It’s Not About The Flag: Brands Attacked For Rainbow Washing

If you live in any major western city during June, aka Pride Month, you’re probably well accustomed to the mass of rainbow flags flapping in the wind on every window, balcony or storefront. In the current climate, it’s considered good marketing for companies to show their support for the LGBTQ+ community. It’s common for brands to give their logo the rainbow-makeover without a second thought. But what happens when consumers realize that those very same brands actually fund and support anti-LGTBQ politicians? 

Brands That Live in Glass Houses Shouldn’t Throw Rainbows Around 

This common practice of exploiting the rainbow flag by putting on a facade of inclusivity is called Rainbow Washing (or occasionally Pinkwashing and Rainbow Capitalism): The act of using or adding rainbow colors to advertising, apparel, accessories, landmarks, etc, in order to indicate progressive support for LGBTQ equality (and earn consumer credibility) – but with a minimum of effort or pragmatic result.

As public awareness grows, brands that take part in Rainbow Washing are quickly faced with a new reality: their consumers, whether they’re LGBTQ+ or allies, are holding them accountable for their actions. Changing a brand’s logo and taking some photos of the team waving rainbow flags can put a spotlight on the brand’s actions. Present-day consumers require authenticity, and in Pride Month, this means support, not empty words. One could say that in today’s age of information, any major brand is actually living in a glass house. Every word said and every action taken are constantly held up to scrutiny under the watchful eye of the public. Customers don’t need to be social activists to easily uncover any dark secrets hidden behind a rainbow logo.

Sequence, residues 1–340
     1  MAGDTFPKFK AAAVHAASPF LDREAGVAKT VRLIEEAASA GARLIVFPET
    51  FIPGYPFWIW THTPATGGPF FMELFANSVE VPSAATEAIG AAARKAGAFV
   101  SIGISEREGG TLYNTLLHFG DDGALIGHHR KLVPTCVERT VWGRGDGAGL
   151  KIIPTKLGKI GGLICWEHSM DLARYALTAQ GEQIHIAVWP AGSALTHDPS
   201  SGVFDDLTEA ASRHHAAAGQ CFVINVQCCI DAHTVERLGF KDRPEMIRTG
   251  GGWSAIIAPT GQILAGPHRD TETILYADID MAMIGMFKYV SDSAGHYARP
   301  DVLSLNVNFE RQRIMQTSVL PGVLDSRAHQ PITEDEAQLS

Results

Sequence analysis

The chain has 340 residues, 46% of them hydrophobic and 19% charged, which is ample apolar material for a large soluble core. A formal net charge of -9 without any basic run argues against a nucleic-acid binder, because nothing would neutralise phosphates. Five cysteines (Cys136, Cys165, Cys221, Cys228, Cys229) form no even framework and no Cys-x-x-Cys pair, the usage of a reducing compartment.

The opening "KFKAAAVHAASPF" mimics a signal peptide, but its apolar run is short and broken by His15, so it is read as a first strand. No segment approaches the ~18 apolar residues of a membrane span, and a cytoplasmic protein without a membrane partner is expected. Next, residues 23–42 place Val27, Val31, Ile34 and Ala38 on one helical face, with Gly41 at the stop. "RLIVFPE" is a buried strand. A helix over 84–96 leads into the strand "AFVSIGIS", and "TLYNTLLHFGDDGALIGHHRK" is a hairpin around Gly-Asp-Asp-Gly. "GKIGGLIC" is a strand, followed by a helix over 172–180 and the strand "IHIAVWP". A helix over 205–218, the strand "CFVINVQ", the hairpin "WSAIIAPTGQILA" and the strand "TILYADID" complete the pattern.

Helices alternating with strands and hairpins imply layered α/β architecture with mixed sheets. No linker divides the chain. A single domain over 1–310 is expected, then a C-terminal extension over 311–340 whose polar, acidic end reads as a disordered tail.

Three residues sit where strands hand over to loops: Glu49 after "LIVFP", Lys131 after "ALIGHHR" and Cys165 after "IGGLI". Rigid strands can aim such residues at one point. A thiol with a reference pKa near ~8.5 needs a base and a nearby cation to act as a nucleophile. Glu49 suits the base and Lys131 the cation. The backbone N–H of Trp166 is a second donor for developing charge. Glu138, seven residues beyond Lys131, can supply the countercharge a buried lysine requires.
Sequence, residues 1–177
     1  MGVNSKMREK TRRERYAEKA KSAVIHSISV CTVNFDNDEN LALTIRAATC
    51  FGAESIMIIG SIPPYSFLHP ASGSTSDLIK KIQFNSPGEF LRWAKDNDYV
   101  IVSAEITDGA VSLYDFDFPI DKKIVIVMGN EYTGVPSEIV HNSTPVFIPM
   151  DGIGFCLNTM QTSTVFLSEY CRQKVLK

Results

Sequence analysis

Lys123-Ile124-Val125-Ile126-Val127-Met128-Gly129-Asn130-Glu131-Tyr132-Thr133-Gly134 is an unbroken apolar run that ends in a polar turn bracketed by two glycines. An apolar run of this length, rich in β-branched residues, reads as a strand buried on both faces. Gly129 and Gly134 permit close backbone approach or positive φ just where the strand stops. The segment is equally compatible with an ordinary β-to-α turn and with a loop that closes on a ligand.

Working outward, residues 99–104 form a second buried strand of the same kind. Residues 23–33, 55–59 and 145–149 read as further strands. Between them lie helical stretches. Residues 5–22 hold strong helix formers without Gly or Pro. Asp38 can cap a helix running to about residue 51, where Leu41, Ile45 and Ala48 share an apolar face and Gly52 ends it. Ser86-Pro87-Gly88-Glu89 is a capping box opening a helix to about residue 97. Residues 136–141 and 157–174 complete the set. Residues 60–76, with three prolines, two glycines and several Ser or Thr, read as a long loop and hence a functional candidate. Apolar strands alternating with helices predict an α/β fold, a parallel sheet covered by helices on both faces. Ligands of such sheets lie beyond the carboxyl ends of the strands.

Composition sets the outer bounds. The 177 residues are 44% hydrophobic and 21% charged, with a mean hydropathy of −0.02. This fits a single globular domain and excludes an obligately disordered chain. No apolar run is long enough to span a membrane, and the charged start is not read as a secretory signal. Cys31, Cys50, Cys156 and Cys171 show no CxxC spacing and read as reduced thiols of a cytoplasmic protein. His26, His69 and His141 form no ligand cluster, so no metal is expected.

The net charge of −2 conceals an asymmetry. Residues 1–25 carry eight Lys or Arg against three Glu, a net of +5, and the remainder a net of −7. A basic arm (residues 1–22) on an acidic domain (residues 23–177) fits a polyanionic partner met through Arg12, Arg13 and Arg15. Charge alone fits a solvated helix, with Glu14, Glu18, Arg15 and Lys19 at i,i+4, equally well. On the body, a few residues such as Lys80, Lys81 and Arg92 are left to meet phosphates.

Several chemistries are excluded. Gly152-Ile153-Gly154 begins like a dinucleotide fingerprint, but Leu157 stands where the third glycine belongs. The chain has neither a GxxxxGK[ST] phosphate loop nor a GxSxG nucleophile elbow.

Using the Cyabra platform, our analysts detected an interesting trend while studying some of the biggest brands that have posted pro-LGBTQ+ messages on their social media. Wary consumers quickly came up with evidence revealing that some of those companies have actually donated a sum of over $10 million to anti-LGBTQ+ politicians and organizations. The irony of plastering the pride flag on those brands did not go unnoticed by social media. Deloitte, AT&T, Walmart, FedEx, Charter and many others were subjected to mocking responses and retweets calling them out for hypocrisy. 

Visibility Vs. Authenticity

Mark this in your calendar, brands: 2022 is the start of a new era, an era in which we all have to think and plan every word written on social media, because your audience will hold you accountable for your actions. Ten years ago, every brand that gave visibility to the rainbow flag during Pride Month was celebrated. Nowadays, visibility is a habit, and the name of the game is authenticity. Rainbow Washing brands whose message was perceived as inauthentic were met with a large, passionate, and very authentic wave of consumer rage. 


Sharing their VP’s emotional coming out story, AT&T never expected to be called out and threatened with a boycott, especially not from a pro-LGBTQ+ audience. Their tweet reached no less 782,000 profiles, engaged by 391 profiles. 96% of this engagement (likes, comments and shares) was negative, exposing more and more consumers to AT&T’s support of anti-LGBTQ+ politicians. 


Deloitte wasn’t one of those brands plastering on a rainbow-colored logo and a “love is love” post: the company actually put many work hours and money into an inclusivity survey for Pride Month, interviewing no less than 600 LGBTQ+ employees (none of them Deloitte employees) about their everyday life at work. The impressive survey quickly started trending, but not anything like Deloitte dreamed it would: Deloitte’s Tweets spread to 532,000 profiles on Twitter, and were engaged by 266 profiles. But here’s the real shocker: 92% of those retweets, replies and posts concerning Deloitte showed a negative sentiment, pointing out the irony of creating a pro-LGBTQ+ survey while supporting anti-LGBTQ+ politicians and organizations. 


Unlike Deloitte and AT&T, Wallmart’s social account didn’t feature any emotional stories or well-thought surveys – only a cute puppy dressed for Pride. However, having donated 1M$ to anti-gay politicians, even the adorable rainbow-wrapped pup couldn’t save Wallmart from the raging social media. The tweet spread to 580,000 profiles and was engaged by 290 profiles. 89% of this engagement was negative, proving that brands can be called out for Rainbow Washing whether they (allegedly) try to make a difference, or just selling some colorful pet accessories. 

The Unflattering Colors of the Rainbow